However, I didn’t always put on a Match Odds bet as well. This is because SAM doesn’t predict exact result outcomes (such as, ‘the match will produce a win for the home team’) but instead calculates the probabilities, in percentage format, of it ending as a home win, an away win or a draw.

So, whenever SAM came up with probabilities for the three match outcomes that were very similar to the Betfair prices, I just didn’t bother with a Match Odds bet. But when it was clear that SAM was highlighting that Betfair offered value on a particular result, I bet on that outcome.

As a result, I have placed more Correct Score bets (131) than Match Odds ones (107).

Unfortunately, neither the Correct Score nor the Match Odds bets were successful.

The Correct Score bets were particularly dispiriting as the strike rate was so low:

Overall Performance 5% commission deducted from winning bets
Total Profit -20.53
Total No. of Bets 131
ROI -15.7%
Strike Rate 11.5%

Match Odds betting produced a better strike rate but a similar net loss:

Overall Performance 5% commission deducted from winning bets
Total Profit -15.97
Total No. of Bets 107
ROI -7.1%
Strike Rate 36.4%

Summary

I’ve put quite a bit of effort into this trial but really have very little to show for it at the end.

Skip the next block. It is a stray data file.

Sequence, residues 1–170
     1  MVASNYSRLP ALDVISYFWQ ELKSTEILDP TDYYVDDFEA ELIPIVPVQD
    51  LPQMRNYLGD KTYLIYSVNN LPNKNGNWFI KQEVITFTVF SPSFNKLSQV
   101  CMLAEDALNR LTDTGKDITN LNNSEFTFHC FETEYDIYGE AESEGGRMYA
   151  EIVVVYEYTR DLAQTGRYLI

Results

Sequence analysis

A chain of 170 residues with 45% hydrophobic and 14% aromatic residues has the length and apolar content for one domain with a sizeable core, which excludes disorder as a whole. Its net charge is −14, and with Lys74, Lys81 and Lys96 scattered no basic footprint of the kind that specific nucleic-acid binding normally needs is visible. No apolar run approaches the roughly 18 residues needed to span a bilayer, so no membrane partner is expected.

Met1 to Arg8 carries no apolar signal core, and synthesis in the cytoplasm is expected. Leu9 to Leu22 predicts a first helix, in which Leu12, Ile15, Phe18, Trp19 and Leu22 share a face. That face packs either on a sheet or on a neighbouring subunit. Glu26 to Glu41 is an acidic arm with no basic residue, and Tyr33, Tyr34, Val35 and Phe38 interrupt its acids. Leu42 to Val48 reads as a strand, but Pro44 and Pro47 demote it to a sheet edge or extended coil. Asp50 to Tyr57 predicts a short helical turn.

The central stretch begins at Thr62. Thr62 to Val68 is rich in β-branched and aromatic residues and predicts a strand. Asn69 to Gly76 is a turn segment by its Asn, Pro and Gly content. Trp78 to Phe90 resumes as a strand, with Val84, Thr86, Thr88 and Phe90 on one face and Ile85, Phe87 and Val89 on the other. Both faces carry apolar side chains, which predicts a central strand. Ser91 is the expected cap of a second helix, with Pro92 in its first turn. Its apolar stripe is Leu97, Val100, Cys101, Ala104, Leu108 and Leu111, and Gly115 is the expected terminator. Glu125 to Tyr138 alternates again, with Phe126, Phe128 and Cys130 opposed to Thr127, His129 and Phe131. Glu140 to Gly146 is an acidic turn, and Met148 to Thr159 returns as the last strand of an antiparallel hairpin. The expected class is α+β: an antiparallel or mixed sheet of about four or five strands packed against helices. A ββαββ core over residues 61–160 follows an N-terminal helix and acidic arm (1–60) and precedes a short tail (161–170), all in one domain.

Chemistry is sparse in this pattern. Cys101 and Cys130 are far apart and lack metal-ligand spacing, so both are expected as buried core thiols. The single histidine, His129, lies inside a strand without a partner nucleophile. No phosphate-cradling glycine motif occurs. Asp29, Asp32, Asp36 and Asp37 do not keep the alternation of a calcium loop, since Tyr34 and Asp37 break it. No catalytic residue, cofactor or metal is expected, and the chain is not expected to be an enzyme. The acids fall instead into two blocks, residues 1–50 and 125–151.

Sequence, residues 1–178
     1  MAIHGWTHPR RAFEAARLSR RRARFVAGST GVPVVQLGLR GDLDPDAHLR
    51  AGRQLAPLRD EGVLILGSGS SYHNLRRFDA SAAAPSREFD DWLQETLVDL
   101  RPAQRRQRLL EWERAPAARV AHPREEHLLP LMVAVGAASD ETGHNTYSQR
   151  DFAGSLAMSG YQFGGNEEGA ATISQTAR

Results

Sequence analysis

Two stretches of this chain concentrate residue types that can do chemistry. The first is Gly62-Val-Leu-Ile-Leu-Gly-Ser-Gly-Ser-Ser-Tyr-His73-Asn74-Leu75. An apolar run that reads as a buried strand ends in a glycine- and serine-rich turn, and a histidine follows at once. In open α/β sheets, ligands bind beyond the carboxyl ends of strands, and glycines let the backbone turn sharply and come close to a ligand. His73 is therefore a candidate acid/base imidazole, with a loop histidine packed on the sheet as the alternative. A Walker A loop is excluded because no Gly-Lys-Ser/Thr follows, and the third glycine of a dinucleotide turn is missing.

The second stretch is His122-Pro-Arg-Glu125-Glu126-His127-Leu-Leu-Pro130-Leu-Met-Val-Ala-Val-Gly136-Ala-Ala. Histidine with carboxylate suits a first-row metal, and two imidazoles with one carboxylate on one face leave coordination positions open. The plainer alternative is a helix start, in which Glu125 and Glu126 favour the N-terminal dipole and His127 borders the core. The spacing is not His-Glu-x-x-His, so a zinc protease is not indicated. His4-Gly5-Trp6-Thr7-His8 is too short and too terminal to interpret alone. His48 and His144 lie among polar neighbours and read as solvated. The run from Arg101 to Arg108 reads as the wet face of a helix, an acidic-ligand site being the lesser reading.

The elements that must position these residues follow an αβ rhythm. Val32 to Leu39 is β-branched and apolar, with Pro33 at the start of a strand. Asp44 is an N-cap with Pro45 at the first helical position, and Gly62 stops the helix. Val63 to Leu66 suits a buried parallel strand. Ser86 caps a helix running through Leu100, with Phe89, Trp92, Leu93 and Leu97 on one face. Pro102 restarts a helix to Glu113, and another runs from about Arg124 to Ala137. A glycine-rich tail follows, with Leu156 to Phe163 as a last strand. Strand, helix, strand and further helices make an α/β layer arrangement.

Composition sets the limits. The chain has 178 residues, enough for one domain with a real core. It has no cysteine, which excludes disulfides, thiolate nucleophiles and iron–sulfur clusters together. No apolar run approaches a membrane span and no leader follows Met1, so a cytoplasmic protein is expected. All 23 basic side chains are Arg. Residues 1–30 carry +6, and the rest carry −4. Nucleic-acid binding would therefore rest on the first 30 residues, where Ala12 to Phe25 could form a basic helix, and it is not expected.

I was hoping for great things from Salford’s supercomputer but it proved no better than any of the many run-of-the-mill tipsters I’ve tested on my site.

I also noticed that, very often, the Correct Score predictions seemed to be little more than announcements that the scoreline with the lowest price on Betfair would most likely be the outcome.

Did we really need to fire up a supercomputer to learn that?

So, as you can tell, right now, I’m feeling underwhelmed by technology.

Anyway, the full results log, if you’d like to investigate further, is available here. And that’s it from me.

AI may be the future, but there’s a chap at a racecourse in a trilby hat, holding a pencil and a copy of the Sporting Life, who happens to have the winner of the 3.40 at Chepstow.